Three tasks before the new insurance regulator
We reached out to four experts to tell us the three immediate tasks ahead for the new regulator
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The Insurance Regulatory and Development Authority of India (Irdai) has got a new chairman: Subhash Chandra Khuntia, a former chief secretary to the Karnataka government. He will succeed T.S. Vijayan, who retired in February.
Khuntia has his work cut out both in the life and the non-life space. In the life space, Vijayan set up a committee last year to review product regulations, and the committee rightly recognised high policy lapses and high surrender penalties as reputational risks that need to be addressed. The committee came up with 12 key recommendations that include various aspects of life insurance products like better product approval mechanism, widening investments norms, revamping pension business and ways to improve persistency. Read the report here.
There are two savings product categories in the life insurance space: unit-linked insurance plans (Ulips) and traditional plans. While Ulips have undergone reforms—the most significant was clipping down surrender penalties to a bare minimum—traditional plans are still to embark upon a similar journey. Traditional savings plans come with very high surrender costs.
In the non-life space, the big task is to oversee the merger of three public sector insurance companies—National Insurance Co. Ltd, United India Insurance Co. Ltd and Oriental India Insurance Co. Ltd. However, consumer protection will continue to be a dominating theme as there is need for better public disclosure and more product innovation.
We reached out to four experts to tell us the three immediate tasks ahead for the new regulator. Their recommendations touch upon three broad themes of consumer protection, risk-based solvency approach and the need to relax regulations.
Pushan Mahapatra, managing director & CEO, SBI General Insurance
Focus on disclosures, distribution
Disclosures need to improve and one of the ways to do that is to adopt disclosure practices of listed companies. Improved disclosures not only benefit customers and third-party analysts, but also put pressure on insurers to perform more efficiently.
Steps need to be taken to improve penetration and so distributions needs to open up more. For instance, insurers should be able to leverage business correspondents to sell insurance through the bancassurance channel.
Moving on to risk-based solvency will be the next big task and this will put a great deal of pressure on insurance companies to manage their operations more efficiently.
Rohit Jain, India head, Willis Towers Watson
Irdai must address digital space
Insuretech is expanding and is here to stay. Regulations, however, are not keeping pace with the growing popularity of the digital space which is being used in all aspects of distribution, customer service and processes. The larger contours of insuretech need to get defined. Data privacy laws also need to be strengthened.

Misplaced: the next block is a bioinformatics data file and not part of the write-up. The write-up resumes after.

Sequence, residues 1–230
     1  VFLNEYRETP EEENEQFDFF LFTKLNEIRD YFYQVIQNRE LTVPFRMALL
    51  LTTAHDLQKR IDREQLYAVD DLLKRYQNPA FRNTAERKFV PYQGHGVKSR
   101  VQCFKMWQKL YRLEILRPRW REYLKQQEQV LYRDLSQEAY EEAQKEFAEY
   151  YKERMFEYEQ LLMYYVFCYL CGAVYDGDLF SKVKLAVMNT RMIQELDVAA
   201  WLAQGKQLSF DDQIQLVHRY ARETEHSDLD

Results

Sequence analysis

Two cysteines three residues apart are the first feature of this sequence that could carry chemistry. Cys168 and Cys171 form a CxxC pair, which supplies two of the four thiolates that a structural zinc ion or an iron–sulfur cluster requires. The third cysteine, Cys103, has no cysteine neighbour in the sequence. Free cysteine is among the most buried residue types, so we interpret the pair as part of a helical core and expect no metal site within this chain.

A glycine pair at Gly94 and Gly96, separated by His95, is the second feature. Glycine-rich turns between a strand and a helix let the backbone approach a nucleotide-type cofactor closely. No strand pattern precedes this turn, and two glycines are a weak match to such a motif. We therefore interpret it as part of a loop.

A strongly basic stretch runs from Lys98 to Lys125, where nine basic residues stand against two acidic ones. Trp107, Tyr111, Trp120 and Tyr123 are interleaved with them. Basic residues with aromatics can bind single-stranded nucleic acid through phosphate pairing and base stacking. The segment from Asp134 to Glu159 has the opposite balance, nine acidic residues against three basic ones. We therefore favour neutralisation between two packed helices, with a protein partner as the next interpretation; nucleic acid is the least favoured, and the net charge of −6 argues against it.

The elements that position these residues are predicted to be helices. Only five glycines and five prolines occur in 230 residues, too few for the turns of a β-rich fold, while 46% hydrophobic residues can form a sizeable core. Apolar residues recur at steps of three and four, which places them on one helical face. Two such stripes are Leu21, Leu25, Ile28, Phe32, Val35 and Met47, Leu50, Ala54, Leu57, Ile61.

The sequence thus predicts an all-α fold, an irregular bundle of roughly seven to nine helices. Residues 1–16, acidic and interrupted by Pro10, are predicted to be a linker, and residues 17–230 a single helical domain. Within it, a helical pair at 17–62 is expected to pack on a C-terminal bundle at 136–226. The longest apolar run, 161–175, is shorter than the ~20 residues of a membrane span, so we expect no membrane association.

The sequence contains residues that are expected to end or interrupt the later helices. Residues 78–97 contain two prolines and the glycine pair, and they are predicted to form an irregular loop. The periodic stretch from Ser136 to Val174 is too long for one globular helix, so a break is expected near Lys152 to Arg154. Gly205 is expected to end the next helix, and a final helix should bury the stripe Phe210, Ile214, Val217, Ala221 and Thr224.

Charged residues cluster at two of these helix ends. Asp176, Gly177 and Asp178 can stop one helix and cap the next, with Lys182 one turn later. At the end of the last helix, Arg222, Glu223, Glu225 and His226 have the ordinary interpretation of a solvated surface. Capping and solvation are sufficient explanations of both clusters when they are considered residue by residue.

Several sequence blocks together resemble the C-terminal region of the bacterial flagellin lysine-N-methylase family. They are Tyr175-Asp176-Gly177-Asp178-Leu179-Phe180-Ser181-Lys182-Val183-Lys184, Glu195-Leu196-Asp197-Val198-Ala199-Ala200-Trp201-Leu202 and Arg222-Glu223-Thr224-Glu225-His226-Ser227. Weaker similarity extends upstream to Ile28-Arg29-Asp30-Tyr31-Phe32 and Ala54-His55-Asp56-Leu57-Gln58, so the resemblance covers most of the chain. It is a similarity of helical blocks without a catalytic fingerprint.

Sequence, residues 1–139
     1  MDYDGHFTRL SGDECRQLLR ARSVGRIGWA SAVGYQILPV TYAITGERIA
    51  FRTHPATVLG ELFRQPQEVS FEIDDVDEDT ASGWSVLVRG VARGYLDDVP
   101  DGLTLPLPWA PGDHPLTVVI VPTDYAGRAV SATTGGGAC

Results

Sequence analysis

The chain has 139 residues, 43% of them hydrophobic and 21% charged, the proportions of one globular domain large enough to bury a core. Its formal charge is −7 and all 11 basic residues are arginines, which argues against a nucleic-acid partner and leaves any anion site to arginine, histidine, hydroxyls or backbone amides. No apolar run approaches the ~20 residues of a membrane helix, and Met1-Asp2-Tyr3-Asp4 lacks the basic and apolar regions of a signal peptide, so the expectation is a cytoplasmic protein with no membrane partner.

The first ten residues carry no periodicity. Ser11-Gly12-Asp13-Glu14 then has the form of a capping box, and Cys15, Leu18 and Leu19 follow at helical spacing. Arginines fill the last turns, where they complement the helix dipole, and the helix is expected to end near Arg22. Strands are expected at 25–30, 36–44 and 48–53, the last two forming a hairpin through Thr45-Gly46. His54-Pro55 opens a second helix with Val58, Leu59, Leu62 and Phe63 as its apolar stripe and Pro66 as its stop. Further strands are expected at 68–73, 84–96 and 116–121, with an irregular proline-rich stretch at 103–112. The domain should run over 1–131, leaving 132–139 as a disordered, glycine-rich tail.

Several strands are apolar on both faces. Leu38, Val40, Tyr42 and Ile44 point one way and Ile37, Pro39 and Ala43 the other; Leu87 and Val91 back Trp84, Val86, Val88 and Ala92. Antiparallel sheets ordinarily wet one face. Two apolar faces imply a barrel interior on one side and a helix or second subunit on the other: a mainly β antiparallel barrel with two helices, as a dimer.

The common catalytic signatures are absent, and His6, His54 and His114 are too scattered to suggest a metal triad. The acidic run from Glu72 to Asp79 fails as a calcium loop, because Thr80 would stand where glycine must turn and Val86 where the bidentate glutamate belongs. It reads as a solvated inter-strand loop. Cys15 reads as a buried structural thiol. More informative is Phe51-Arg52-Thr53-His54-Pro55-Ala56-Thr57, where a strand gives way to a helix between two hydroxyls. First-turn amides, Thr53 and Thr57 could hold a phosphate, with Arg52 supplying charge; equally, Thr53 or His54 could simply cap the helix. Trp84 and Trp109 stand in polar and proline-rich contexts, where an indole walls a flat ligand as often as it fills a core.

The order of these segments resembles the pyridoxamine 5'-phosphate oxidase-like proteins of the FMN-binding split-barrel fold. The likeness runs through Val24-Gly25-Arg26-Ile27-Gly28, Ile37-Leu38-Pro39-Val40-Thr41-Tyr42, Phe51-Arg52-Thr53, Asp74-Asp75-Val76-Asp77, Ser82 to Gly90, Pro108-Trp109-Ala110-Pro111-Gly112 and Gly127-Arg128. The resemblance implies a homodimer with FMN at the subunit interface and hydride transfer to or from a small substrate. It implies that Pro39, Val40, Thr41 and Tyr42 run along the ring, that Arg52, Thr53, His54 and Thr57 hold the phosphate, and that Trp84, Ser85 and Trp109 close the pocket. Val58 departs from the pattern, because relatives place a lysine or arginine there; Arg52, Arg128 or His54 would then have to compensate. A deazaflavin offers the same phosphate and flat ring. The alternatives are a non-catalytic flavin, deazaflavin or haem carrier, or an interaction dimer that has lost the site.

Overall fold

There is a growing wave of consolidation and the biggest event will be the merger of the 3 public sector general insurers. The regulator needs to keep a watch on merger and acquisition activities and proactively bring out enabling regulations.
The investment landscape needs to open up to tap capital and to improve investment returns.
KS Gopalakrishnan, CEO, RGA (Canada-based reinsurance firm), India
Risk-based solvency is way forward
Regulations need to address protection of policyholders in traditional plans, particularly for those who exit midway.
The industry needs to move to risk-based solvency approach and this journey needs to be put in motion. This approach puts less pressure of capital on a company that’s managed efficiently and has a more efficient product line-up.
It’s been 18 years since the industry opened up and regulations need to be more macro and less prescriptive. More responsibility needs to delegated to the boards of insurance companies and, given the new dynamic digital environment, there should be more freedom to design policies and test products.
Kapil Mehta, co-founder, SecureNow.in
Traditional life policies need reform
Currently, traditional life insurance policies offer returns of 2-4% that are lower than even fixed deposit rates, and if a person wants to exit before the term ends, there are high penalties. They need to be reformed to provide decent returns and an option to exit midway with minimal penalties.
Distribution needs to grow. The incentive structure needs to be freed up as caps on expenses of management are defined.
Grievance mechanism needs to be strengthened. The grievance mechanism only registers complaints, but customers need to approach the ombudsman or the court for adjudication. Ombudsman offices are short staffed with many offices lying vacant.
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